- rare, but high incidence of associated injuries
- mechanism is usually young patients with high energy trauma
Simple vs. Complex:
- pure dislocation without associated fracture
- dislocation associated with fracture of acetabulum or proximal femur
o posterior dislocation (90%):
- occur with axial load on femur, typically with hip flexed and adducted
- axial load through flexed knee (dashboard injury)
- hip and leg in slight flexion, adduction, and internal rotation
- examine knee for associated injury or instability
o anterior dislocation:
- associated with femoral head impaction or chondral injury
- occurs with the hip in abduction and external rotation
- hip and leg in flexion, abduction, and external rotation
- Can typically see posterior dislocation on AP pelvis
o femoral head smaller than contralateral side
o Shenton's line broken
o Look at the femoral neck to rule out fracture prior to attempting closed reduction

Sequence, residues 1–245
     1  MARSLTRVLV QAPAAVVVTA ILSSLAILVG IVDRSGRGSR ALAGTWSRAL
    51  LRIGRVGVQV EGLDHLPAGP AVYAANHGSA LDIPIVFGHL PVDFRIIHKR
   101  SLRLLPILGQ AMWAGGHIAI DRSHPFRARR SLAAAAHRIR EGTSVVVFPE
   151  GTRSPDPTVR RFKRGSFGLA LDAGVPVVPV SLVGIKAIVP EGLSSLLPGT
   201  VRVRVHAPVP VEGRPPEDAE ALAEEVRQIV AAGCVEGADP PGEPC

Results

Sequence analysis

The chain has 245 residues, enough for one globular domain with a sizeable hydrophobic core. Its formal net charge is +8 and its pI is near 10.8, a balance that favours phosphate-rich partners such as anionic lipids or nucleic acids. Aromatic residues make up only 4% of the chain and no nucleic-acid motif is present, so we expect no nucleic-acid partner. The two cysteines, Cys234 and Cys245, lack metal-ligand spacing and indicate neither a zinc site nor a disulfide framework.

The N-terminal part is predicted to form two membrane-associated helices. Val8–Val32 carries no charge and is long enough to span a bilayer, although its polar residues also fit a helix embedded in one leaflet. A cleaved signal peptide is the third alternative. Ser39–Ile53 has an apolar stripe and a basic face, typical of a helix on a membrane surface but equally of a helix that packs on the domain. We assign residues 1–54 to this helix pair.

o AP pelvis after reduction to evaluate associated acetabular fractures
- post reduction CT must be performed for all traumatic hip dislocations to look for:
o femoral head fractures
o loose bodies
o acetabular fractures
- emergent closed reduction within 6 hours!
- acute anterior and posterior dislocations
- ipsilateral displaced or non-displaced femoral neck fracture
- Allis maneuver:
- patient is placed in the supine position
- knee is flexed to relax the hamstring
- assistant stabilizes the pelvis
- longitudinal traction is applied in line w/ axis of femur, and the hip is slightly flexed
- gently adduct& internal rotates the femur to get reduction
- Captain Morgan technique:
- Position the patient: 90 degrees of hip and knee flexion
- Step one foot up nto the gurney Captain-Morgan style (flamboyant cape optional).
- Position your knee behind the patient’s knee.
- Ideally your foot should be resting on a hard surface like a backboard to allow your foot to push off of it.
- Place one hand (A) under the patient’s knee and the other (B) over the patient’s ankle.
- Use Hand A to lift up on the patient’s femur.
- Plantar-flex your ankle so that your propped knee can lift up on the patient’s femur
- Very gently use Hand B to leverage-down on against the patient’s tibia/fibula.
- open reduction and/or removal of incarcerated fragments
- irreducible dislocation
- radiographic evidence of incarcerated fragment
- delayed presentation
- associated fractures of:
- femoral head
- femoral neck
Sources: Ortho Bullets, ALiEM, Wheeless’ Textbook of Orthopaedics